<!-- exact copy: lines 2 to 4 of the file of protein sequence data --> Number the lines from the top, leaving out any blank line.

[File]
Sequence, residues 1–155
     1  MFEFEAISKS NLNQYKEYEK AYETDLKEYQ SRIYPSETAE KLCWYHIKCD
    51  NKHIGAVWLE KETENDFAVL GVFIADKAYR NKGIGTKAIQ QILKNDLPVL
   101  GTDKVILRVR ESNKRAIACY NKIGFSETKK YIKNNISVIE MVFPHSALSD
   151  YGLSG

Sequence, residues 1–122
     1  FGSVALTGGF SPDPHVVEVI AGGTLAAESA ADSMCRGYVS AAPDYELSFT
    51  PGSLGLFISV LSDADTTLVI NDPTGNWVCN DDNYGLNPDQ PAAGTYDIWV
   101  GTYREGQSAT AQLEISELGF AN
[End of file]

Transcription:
     1  MFEFEAISKS NLNQYKEYEK AYETDLKEYQ SRIYPSETAE KLCWYHIKCD
    51  NKHIGAVWLE KETENDFAVL GVFIADKAYR NKGIGTKAIQ QILKNDLPVL
   101  GTDKVILRVR ESNKRAIACY NKIGFSETKK YIKNNISVIE MVFPHSALSD